Interfaith harmony: Waziristan’s lesser known tale

Source: Express Tribune

In the public imagination, South Waziristan is at the heart of a battle against Taliban militants. But Wana, the largest town in the tribal agency, has another, lesser-known story to tell.

Manga Masih, a 99-year-old Christian resident of Wana recalls pre-partition times when, “apart from Christians, there were Hindu and Sikh families in Wana. The Hindus and Sikhs migrated to India during partition, but it was of their own free will. A jirga of the local Ahmadzai tribe had requested them to stay, and assured them of protection of their life, honour and property.”  While both communities chose to decline the invitation, many Christians decided to remain in the place they called home.

“Khan Chand, a Hindu hakim, had a treatment centre at the Kari Kot village in Wana and was highly respected by the locals. Although the Hindus and Sikhs migrated, Khan Chand and many others maintained contact with their friends back home via letters. God bless them, all these people must be dead now,” Manga says nostalgically. The-99-year-old resident was born in 1913 in Sail Kot, Punjab and came to Wana in 1935. He now lives in Wana Scouts Camp with the rest of his family.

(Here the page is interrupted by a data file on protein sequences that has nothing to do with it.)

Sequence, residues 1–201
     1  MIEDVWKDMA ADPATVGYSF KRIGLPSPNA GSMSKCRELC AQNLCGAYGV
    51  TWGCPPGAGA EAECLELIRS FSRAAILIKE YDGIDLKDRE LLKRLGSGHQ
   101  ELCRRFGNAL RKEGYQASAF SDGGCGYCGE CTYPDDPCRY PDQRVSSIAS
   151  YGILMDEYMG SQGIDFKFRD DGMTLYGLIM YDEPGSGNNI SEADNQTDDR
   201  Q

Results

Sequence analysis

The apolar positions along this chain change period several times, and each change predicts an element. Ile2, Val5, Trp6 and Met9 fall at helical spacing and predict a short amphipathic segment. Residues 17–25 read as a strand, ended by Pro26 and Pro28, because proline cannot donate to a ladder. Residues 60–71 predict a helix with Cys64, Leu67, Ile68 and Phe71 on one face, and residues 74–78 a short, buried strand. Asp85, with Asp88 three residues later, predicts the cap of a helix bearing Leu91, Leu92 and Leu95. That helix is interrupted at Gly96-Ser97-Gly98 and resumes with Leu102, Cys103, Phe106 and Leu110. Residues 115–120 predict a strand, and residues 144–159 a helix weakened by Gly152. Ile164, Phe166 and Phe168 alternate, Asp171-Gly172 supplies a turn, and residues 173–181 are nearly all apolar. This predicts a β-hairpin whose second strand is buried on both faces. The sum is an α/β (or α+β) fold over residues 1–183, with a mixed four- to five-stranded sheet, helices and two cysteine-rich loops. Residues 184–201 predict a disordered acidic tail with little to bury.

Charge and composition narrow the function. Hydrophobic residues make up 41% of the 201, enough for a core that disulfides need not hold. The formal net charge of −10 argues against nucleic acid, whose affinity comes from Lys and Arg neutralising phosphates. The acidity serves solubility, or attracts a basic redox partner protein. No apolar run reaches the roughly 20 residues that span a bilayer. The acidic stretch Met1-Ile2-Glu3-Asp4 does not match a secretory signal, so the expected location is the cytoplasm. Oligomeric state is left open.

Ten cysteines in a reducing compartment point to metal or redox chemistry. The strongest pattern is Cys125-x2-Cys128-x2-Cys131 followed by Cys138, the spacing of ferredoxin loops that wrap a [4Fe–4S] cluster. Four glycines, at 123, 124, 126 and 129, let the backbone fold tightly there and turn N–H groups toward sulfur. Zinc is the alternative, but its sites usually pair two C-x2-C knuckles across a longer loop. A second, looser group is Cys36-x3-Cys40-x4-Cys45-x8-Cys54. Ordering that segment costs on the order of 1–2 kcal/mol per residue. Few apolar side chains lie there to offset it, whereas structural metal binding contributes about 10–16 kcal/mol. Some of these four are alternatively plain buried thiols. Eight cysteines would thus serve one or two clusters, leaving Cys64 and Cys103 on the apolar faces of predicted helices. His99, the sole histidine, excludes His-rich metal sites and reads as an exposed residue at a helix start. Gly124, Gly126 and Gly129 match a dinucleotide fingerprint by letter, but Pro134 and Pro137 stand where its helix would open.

Malik Sardar Khan, another elderly resident, points out that when the Hindus and Sikhs migrated, local tribesmen paid them for the land they left behind.

According to statistics collected by Al-Khidmath Christian Welfare Society Wana, there are 1,200 Christians living in Wana – most of them live either in the Scouts camp or in the tehsil building. While many do low-end janitorial jobs, others have now set up small businesses in Wana Bazaar.

Contrary to what one might think, the minority community feels completely safe in their homes. Jawad Masih, a tailor in the bazaar says, “There is no interference from the local Taliban in my business.” He adds that over the years, he has trained many young men of the Ahmadzai tribe in tailoring. Jawad says, “I often go on the invitation of my pupils to their homes and we participate in each other’s religious rituals.”

Danish Masih, 17, is a medical student at the Wana Government Degree College. Praising his fellow students, Danish says, “The other tribal students sometime fight with each other, but since my school days, no one has ever fought with me … There is no hatred on the basis of religion.”

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